Posted May 8 2010 2:24AM - Updated May 8 2010 6:12PM
SAN ANTONIO -- Steve Kerr can admit shortchanging Goran Dragic now. Projecting the career path of the second-year backup point guard right up to Friday night, the Suns general manager came up short.
"We were expecting 21 in the fourth when we drafted him," Kerr quipped between sips of an after-game beverage. "My goodness."
Dragic actually scored 23 in the final period of the Suns' 110-96 shocker. The out-of-Slovenia performance turned a close Game 3 into a closeout chance Sunday, adding another in the growing line of Phoenix playoff highlights. For the Spurs, it could be the lasting memory of the season.
San Antonio once owned the rights to Dragic, but this isn't about the one that got away. The Suns were the only NBA team to work out 6-foot-3 lefty leading up to 2008 Draft, and Kerr began working the phone lines furiously when the second round started.
Starting with Minnesota at No. 31, the Suns started making offers. The Spurs finally bit at No. 45, drafting Dragic and sending the sleeping 22-year-old playmaker to Phoenix. With a game for the Slovenian national team the next day, Dragic didn't stay up to watch the draft on TV. His agent told him of the trade the morning after.
"He's made Steve Kerr look real smart," Spurs coach Gregg Popovich said earlier in the series. "I'm happy for Steve, unhappy for us."
The Suns overseas scouts were sold on Dragic's athleticism, scoring ability and makeup. After meeting him, Kerr was sold, too.
"We fell in love with him because he's such a humble, great kid, but he's a competitor," Kerr said. "He's kind of a quiet competitor."
The Spurs picked up a second-rounder in the deal, which turned into steal DeJuan Blair last summer. On balance, it seems to be win-win for both Western Conference semifinalists. The Spurs aren't feeling so victorious today.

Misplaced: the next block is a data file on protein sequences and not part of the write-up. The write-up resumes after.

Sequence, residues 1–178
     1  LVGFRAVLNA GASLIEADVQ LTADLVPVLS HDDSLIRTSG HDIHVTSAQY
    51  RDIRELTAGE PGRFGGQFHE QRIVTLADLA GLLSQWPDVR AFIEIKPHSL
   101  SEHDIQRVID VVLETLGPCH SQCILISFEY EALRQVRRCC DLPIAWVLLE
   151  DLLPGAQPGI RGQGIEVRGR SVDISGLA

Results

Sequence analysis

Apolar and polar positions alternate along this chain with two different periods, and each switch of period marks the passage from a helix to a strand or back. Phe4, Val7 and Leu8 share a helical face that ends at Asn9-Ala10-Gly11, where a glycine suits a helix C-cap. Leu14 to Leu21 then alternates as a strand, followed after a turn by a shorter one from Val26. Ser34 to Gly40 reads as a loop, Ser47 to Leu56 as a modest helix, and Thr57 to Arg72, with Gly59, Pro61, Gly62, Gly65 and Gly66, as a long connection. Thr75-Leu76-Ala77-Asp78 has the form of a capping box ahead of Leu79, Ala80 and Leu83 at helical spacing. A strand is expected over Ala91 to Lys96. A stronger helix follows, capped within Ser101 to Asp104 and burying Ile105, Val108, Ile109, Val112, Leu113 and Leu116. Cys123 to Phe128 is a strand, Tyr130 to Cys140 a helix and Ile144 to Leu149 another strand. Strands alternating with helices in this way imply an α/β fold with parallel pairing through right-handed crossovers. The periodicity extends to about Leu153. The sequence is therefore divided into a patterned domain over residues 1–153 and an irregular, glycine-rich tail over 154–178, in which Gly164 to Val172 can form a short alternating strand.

"It was a good trade for them, too," Kerr said. "But the situation we were in with Nash, we knew we needed a backup point guard."
Steve Nash and Dragic had a case of role reversal in the fourth. Phoenix starters, including Nash, normally begin the final period on the bench, and Alvin Gentry prefers to ride his reserves to the 6-minute mark if possible.
Nash probably didn't have to go back into Game 3, as Dragic single-handedly knocked San Antonio out. Nash played cheerleader as Dragic dropped-stepped, scooped, slipped by and stung the Spurs.
"It was beautiful," Nash beamed. "I didn't think I would have to go back in."
The Spurs would have taken an early sub. Dragic and Leandro Barbosa, another original San Antonio draftee dealt to Phoenix in a prearranged deal, began the fourth in the backcourt. Together, they began the onslaught before Dragic etched his name in playoff lore.
The second of his four fourth-quarter 3-pointers opened it all up. Set in the corner, he brought the ball up through George Hill's outstretched arms and heaved a two-handed push at the basket. Count it.
"I didn't expect the shot to fall, I was just going for the foul," Dragic said. "After that shot, the rim was huge."
The shots kept falling and the Spurs' deficit kept growing. Down as much 18 in the first half, the Suns were up as many as 16 in garbage time. Dragic played the entire fourth quarter, scoring 23 of his 26 two nights after offering up a goose egg in Game 2.
Gentry told Dragic to stay aggressive and not worry about making mistakes. Nash's apprentice felt his confidence grow with each basket.
"I don't know how many guys in the history of the game that have had a fourth quarter like that," Nash said. "It was pretty remarkable. I am incredibly proud of him."
Those 23 rung familiar with Kerr, who also made sure to take photos with his BlackBerry of Dragic engrossed in the locker room media scrum.
"Other than MJ, I don't remember anybody doing something like that in a huge game under pressure, especially a young kid," Michael Jordan's former teammate said. "It's ridiculous."
"Ridiculous" and "remarkable" weren't exactly the adjectives San Antonio fans were uttering about Dragic on the way out of the AT&T Center. Well, those who actually knew his name. As for the Spurs, they were stunned.
"Yes, I still am," Tim Duncan said. "They made every shot as we tried to stay in front of them and contest every shot. We wanted to make everything as tough as possible for them and yet they made everything."
"They" could be swapped for "Dragic." The swap nearly two years ago won't eat at Popovich and the Spurs as much as overall tenor of the series. San Antonio couldn't have predicted Friday's fourth quarter or much of anything else.
"It's really hard, not only because of the fact that we are down 3-0, it's the way that they are beating us," Manu Ginobili said.
And with who.
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